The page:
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two-fold; by the diversified dealings of God with a “ peculiar people," to prefigure his intentions towards a redeemed church, thus augmenting our knowledge of the divine character; and to hold up in the foreground those distinguished worthies, who lived to reflect each a ray of the Redeemer's glory, and excite expectation of his coming. Who that realizes the glorious promises of God, and the waiting and longing expectation of his people, groaning to be delivered from the bondage of corruption, can carry

himself back to the wortheis of scriptural history, continually ascending and reaching forward in their prophetic semblances and pre-intimations, without saying to himself, Behold the shadows of approaching divinity, the kindling dawn of the Sun of Righteousness ? As our position ascends, and we leave the historical writings, we hear David pouring out the warm and lively gratitude of a redeemed soul, in those psalms which will ever be the most natural and expressive model for all the ransomed of the Lord, while at the same time they are replete with definite predictions of His rank and offices. In the book of Proverbs and Ecclesiastes, we are taught the utmost of this world's wisdom and vanity, that we may be conducted to Him who is full of grace and truth; the eternal wisdom “who was with God from the beginning, or ever the earth was.” In the nuptial song of Solomon, we have the new relation in which God was about to stand to his espoused church, when he was no longer to be called Baali, my Lord; but Ishi, my salvation; when converts numerous as the drops of the morning dew, were to be clad in wedding garments, and to sit down at the marriage supper of the Lamb. In Isaiah we have the glories of the redeemed church, converting even the gloom of the Jewish captivity into interminable splendor: and in the latter part, (for there is an evident division,) we have such a precise and definite description of Christ's birth, and character, and offices, and sufferings, and death, that we never have wondered that all neologists since the time of Doederlein, have done their utmost to disprove its genuineness. In Jeremiah, though there is more of adversity than prosperity, still the Sun of Righteousness is visible throughout the intervals of the storm. In Ezekiel we behold the transitory and shadowy priesthood of the Jews, enlarged into a more glorious and spiritual worship; and in Daniel we see the termination of all kingly power in the never-ending empire of the Redeemer; while each of the minor prophets presents some varied and separate view of the Redeemer's character. Malachi closes the old testament with a definite assurance, that the Sun of Righteousness was near. In opening the evangelists there is no change of subject, no break. As the night passes into the dawn, and morning's first breaking steals into the twilight, and twilight into day, so grad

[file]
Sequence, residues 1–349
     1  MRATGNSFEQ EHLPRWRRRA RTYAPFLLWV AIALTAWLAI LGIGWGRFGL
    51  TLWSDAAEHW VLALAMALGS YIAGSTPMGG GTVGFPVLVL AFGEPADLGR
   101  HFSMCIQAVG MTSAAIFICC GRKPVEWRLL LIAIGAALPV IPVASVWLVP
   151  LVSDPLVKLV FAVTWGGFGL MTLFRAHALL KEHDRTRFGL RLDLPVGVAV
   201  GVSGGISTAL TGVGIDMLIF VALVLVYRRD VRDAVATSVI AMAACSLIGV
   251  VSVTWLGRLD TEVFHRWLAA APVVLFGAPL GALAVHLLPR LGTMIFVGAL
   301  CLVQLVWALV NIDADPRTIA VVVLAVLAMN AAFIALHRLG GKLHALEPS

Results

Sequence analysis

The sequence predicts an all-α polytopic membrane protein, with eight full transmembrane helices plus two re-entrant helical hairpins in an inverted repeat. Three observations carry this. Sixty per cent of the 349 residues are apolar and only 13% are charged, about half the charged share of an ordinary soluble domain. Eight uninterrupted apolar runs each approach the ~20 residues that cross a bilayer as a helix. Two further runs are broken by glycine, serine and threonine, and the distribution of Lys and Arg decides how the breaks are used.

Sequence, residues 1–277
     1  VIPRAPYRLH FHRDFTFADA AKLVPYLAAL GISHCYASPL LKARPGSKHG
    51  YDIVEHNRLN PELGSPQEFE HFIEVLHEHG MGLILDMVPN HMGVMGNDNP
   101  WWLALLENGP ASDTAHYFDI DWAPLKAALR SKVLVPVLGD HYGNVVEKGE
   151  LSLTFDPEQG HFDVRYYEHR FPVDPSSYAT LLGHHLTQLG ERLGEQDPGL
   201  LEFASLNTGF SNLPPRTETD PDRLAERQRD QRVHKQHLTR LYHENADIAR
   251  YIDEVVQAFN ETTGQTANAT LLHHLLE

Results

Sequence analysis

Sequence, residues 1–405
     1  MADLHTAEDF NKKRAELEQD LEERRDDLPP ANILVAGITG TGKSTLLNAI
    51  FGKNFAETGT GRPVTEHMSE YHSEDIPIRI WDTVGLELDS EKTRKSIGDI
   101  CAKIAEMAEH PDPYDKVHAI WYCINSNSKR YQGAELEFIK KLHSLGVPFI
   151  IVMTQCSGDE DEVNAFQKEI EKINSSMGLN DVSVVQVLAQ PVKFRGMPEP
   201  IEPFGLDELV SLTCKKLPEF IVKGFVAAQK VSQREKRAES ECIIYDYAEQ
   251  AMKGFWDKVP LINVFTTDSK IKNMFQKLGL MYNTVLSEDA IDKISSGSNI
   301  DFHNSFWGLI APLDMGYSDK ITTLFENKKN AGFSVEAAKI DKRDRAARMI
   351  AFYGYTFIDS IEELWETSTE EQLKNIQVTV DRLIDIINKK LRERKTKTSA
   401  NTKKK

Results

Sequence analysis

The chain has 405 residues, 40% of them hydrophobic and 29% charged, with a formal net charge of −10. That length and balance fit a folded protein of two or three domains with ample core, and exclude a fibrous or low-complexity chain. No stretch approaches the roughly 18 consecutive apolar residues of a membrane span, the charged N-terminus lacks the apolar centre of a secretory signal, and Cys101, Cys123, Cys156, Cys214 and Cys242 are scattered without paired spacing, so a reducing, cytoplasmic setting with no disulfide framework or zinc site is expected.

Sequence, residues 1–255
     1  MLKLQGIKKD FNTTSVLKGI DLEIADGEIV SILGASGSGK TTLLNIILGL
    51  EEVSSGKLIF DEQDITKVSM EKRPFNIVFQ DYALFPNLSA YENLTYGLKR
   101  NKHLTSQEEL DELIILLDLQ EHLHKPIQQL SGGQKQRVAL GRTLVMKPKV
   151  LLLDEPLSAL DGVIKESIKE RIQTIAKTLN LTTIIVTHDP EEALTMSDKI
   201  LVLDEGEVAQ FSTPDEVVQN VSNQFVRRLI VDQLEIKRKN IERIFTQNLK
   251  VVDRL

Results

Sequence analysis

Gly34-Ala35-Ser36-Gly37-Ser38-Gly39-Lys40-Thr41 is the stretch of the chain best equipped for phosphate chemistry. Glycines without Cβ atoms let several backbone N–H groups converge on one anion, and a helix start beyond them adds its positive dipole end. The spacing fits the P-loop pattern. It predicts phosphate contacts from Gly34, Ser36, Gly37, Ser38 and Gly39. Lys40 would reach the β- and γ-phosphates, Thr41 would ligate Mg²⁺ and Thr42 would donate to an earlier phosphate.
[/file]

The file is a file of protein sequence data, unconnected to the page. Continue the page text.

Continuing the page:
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ually do the first faint promises of redemption pass into clear pre-intimations, and then again into near and kindling prospects, till all are lost in bright and cloudless day. It is finished. The Lord hath come to his temple, and all the people exclaim, “Lo this is our God, we have waited for him, and he will save us; this is Jehovah, we have waited for him, we will rejoice and be glad in his salvation.” The simple office of the evangelist is to record facts. Those facts unite to say, “Behold the Lamb of God.” The book of the Acts records the experimental argument in favor of this perfected system; showing us the mighty and miraculous agency of the name of Christ, in bidding the dead in trespasses and sins awake to a new life, and leading the early believers to spend their lives and shed their blood, in confirmation of his scheme of redemption. In Romans we are told, how, without the deeds of the law, Christ is made unto us justification, sanctification, and redemption. The Epistle to the Hebrews is a compact argument against “neglecting this great salvation," purchased, perfected, and brought in, by Him who is above every name which is named, both in heaven and on earth. In Galatians, we have a masterly contrast drawn between a system of legality, and salvation "by grace through faith.” In Ephesians we have another argument against apostasy, founded upon the character of Christ, as the Being in whom " dwelleth all the fullness of the Godhead bodily.” Without defining the specific theme which gives unity to each of the Epistles, who can doubt for a moment that their sole and united spirit is " the testimony of Jesus?” The powers of language are unequal to express the mighty emotions of the apostles,when absorbed in contemplating the length, breadth, height, and depth of redeeming love. Then comes the last of the prophets, giving the final developement